WASHINGTON, D.C. — Senate Committee on Commerce, Science, and Transportation Ranking Member John Thune (R-SD) and House Committee on Transportation and Infrastructure Chairman Bill Shuster (R-PA) wrote today to Transportation Secretary Ray LaHood, questioning if the Department and the Federal Aviation Administration (FAA) has explored all cost saving options to comply with the sequester before taking dramatic steps that will punish FAA employees and the traveling public.
On Tuesday, FAA employees were notified of intended furloughs of up to 11 work days, beginning about April 7th. The agency has also announced a significant number of closures of air traffic control towers within the cost-effective contract tower program. Whether the agency considered other cost-saving measures before making these announcements is unclear. The DOT and FAA continue to rebuff the lawmakers’ requests for specific information about how decisions are being made under the sequester. Congress has been requesting this information since August of last year, including this previous request from Shuster and Thune.
In their letter, Thune and Shuster state, “Since our previous requests for information have gone unanswered, we cannot assume, nor do we believe, that all savings options were explored before the choice was made to furlough employees, close towers, and inconvenience the flying public you are supposed to serve. While we continue to await your answers to our questions, the FAA has the authority and the flexibility in its budget to use the savings found in these and other areas to pay for air traffic controllers and other personnel and to avoid resorting to furloughs.”
The entire text of the March 7 letter from Shuster and Thune follows:
Dear Secretary LaHood:
It is our understanding that FAA employees were notified Tuesday of an intended “Save Money” furlough for up to eleven (11) work days, beginning on or about April 7. We are disappointed that this is the route that the FAA and the Administration has chosen to take, rather than sharpening their pencils and finding cost savings in other areas.
On February 25, 2013, we formally requested information regarding FAA’s plan for sequestration. That letter went unanswered similar to previous requests. In hearings of both the Aviation Subcommittee of the House Committee on Transportation and Infrastructure on February 27, and the Committee on Oversight and Government Reform Tuesday of this week, we heard a lot of rhetoric on the sequester, but no real answers. The Budget Control Act detailing this particular budget sequestration was signed into law by President Obama on August 2, 2011. Your agencies should have been planning for the possibility of a budget sequestration once the super committee process failed at the end of 2011. However, little to no planning seems to have taken place since that time. Since August of 2012, Congress has been asking for detailed budget sequestration plans from DOT and FAA. However, those requests have only resulted in limited and incomplete information about how sequester will impact the FAA and other federal agencies and departments, which is unacceptable.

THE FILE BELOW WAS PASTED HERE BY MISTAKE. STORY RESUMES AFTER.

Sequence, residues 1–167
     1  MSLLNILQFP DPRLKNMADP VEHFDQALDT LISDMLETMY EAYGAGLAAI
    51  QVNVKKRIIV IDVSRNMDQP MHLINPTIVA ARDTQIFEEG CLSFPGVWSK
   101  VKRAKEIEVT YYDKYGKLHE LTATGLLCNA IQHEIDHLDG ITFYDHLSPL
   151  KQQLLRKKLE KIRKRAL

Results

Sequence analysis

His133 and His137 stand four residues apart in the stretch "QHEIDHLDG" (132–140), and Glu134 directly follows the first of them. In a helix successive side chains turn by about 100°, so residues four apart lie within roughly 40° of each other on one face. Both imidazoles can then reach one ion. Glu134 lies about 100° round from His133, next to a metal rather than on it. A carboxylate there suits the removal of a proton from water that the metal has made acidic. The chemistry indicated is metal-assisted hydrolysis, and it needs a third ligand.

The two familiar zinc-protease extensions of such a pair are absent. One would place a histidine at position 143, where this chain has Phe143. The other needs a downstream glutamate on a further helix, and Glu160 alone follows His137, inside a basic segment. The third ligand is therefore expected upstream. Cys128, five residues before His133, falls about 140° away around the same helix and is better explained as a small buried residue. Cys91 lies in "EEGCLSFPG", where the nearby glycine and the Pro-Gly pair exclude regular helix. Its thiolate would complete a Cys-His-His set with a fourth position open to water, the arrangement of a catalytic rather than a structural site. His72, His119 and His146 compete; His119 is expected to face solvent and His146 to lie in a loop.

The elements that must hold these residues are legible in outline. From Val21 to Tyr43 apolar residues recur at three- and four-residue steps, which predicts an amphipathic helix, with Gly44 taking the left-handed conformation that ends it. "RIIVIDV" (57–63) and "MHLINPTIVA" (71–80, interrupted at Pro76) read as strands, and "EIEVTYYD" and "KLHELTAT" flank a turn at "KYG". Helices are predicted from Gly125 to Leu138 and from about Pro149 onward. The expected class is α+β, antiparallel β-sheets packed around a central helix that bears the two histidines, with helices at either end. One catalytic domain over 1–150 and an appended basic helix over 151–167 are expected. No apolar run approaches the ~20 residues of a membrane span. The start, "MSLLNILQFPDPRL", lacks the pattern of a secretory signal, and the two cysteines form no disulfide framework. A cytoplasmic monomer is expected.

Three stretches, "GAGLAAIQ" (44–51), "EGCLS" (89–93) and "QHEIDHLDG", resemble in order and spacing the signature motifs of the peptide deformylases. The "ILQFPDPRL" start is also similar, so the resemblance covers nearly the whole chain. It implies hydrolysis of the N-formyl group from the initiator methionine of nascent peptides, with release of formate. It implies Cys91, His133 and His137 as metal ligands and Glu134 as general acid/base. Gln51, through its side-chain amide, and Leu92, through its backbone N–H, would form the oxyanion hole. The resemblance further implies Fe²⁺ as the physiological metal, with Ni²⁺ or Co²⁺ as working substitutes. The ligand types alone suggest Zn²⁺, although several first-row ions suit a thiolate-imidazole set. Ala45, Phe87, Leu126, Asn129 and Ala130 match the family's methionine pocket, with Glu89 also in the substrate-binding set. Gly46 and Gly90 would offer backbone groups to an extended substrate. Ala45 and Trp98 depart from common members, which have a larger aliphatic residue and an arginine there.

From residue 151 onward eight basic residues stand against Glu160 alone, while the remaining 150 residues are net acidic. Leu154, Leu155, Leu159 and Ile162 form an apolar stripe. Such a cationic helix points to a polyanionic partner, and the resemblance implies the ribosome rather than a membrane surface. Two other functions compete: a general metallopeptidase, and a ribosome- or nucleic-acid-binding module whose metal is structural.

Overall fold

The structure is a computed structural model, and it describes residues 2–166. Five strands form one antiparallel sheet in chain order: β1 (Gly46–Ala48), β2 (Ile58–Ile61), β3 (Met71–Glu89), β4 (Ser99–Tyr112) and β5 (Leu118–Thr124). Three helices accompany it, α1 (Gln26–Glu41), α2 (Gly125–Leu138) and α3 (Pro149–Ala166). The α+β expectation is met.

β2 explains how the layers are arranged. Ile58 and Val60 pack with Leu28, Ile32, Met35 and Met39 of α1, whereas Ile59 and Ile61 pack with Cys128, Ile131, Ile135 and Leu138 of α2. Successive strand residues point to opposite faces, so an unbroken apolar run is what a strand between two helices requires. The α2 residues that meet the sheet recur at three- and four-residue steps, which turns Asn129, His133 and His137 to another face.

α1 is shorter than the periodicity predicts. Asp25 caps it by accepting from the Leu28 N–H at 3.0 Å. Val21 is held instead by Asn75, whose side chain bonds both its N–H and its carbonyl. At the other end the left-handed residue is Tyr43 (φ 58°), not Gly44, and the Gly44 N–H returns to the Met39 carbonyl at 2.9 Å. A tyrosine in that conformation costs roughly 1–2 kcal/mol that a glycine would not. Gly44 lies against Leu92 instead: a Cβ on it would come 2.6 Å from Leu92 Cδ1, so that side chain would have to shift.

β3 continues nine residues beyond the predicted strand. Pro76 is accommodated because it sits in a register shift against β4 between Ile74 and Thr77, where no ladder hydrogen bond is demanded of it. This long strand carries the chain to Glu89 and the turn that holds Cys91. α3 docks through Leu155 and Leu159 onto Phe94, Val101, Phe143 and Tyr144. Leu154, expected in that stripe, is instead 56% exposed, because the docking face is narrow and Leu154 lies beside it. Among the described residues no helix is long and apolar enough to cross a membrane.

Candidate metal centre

A review of FAA spending over the past several years has exposed several areas ripe for belt-tightening at the FAA. These areas include, but are not limited to: a yearly travel budget for FAA employees of $179 million; a fleet of 46 aircraft that costs $143 million a year to maintain; a 41 percent, or $3 billion budget increase since 2002, even though domestic flights are down 27 percent from 2000 traffic levels; and clear mismanagement and waste on Air Traffic Control modernization contracts.
Because DOT and FAA have continuously rebuffed our efforts to gain detailed information about your plans for sequester, we are left with more questions than answers. We know that FAA spends millions of taxpayer dollars to send employees to conferences. Has all conference spending been eliminated under the sequester? We know that FAA plans to shut down a significant number of contract towers, even though the contract tower program has continuously proven to be cost effective. How was this choice made? Were all other service contracts examined for waste and cost overruns before choosing to make cuts to an economically sound program?
The flying public paid over $12 billion in excise taxes and user fees in 2012, yet these are the people the FAA has chosen to inconvenience because of its lack of planning and inability to produce credible and specific data on budget cuts and constraints. Since our previous requests for information have gone unanswered, we cannot assume, nor do we believe, that all savings options were explored before the choice was made to furlough employees, close towers, and inconvenience the flying public you are supposed to serve.
While we continue to await your answers to our questions, the FAA has the authority and the flexibility in its budget to use the savings found in these and other areas to pay for air traffic controllers and other personnel and to avoid resorting to furloughs. In fact, the FAA has $2.7 billion in non-personnel Operations costs that should have been examined for savings before furloughs were considered. Thoroughly examining real areas of potential savings, and not resorting to scare tactics and the punishment of employees and the public for political purposes, is the only way to productively move forward and ensure that the FAA upholds its stated commitment to the flying public.
House Committee on Transportation and Infrastructure
Senate Committee on Commerce, Science, and Transportation